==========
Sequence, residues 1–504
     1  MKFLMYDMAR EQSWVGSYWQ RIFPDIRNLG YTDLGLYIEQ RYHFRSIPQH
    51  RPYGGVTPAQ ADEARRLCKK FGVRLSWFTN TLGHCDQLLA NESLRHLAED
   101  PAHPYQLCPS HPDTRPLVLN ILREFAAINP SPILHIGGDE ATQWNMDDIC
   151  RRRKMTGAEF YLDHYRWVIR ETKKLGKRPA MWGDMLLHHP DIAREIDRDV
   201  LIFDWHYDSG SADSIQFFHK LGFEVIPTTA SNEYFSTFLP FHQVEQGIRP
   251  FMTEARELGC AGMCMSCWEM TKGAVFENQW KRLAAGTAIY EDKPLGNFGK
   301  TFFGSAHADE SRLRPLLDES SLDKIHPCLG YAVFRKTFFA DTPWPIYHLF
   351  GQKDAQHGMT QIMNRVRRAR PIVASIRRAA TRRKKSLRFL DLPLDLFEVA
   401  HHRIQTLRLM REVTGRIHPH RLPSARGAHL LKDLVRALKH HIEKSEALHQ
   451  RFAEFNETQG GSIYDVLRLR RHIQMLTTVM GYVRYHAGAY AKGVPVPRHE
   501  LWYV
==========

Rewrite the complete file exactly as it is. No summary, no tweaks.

Sequence, residues 1–504
     1  MKFLMYDMAR EQSWVGSYWQ RIFPDIRNLG YTDLGLYIEQ RYHFRSIPQH
    51  RPYGGVTPAQ ADEARRLCKK FGVRLSWFTN TLGHCDQLLA NESLRHLAED
   101  PAHPYQLCPS HPDTRPLVLN ILREFAAINP SPILHIGGDE ATQWNMDDIC
   151  RRRKMTGAEF YLDHYRWVIR ETKKLGKRPA MWGDMLLHHP DIAREIDRDV
   201  LIFDWHYDSG SADSIQFFHK LGFEVIPTTA SNEYFSTFLP FHQVEQGIRP
   251  FMTEARELGC AGMCMSCWEM TKGAVFENQW KRLAAGTAIY EDKPLGNFGK
   301  TFFGSAHADE SRLRPLLDES SLDKIHPCLG YAVFRKTFFA DTPWPIYHLF
   351  GQKDAQHGMT QIMNRVRRAR PIVASIRRAA TRRKKSLRFL DLPLDLFEVA
   401  HHRIQTLRLM REVTGRIHPH RLPSARGAHL LKDLVRALKH HIEKSEALHQ
   451  RFAEFNETQG GSIYDVLRLR RHIQMLTTVM GYVRYHAGAY AKGVPVPRHE
   501  LWYV